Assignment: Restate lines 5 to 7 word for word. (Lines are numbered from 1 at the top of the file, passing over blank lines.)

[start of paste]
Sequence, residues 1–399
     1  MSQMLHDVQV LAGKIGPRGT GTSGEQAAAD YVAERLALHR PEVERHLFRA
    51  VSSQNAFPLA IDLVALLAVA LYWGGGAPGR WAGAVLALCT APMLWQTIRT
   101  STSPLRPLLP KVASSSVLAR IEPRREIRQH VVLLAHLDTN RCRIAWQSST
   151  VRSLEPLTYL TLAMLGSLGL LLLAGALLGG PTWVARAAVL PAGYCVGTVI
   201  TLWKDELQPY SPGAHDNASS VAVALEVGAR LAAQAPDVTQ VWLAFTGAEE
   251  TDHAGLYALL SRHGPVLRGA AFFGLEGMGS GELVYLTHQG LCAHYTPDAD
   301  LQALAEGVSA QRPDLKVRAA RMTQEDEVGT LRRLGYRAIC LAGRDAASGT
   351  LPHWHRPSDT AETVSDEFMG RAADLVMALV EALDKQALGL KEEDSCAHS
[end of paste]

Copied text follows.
   151  VRSLEPLTYL TLAMLGSLGL LLLAGALLGG PTWVARAAVL PAGYCVGTVI
   201  TLWKDELQPY SPGAHDNASS VAVALEVGAR LAAQAPDVTQ VWLAFTGAEE
   251  TDHAGLYALL SRHGPVLRGA AFFGLEGMGS GELVYLTHQG LCAHYTPDAD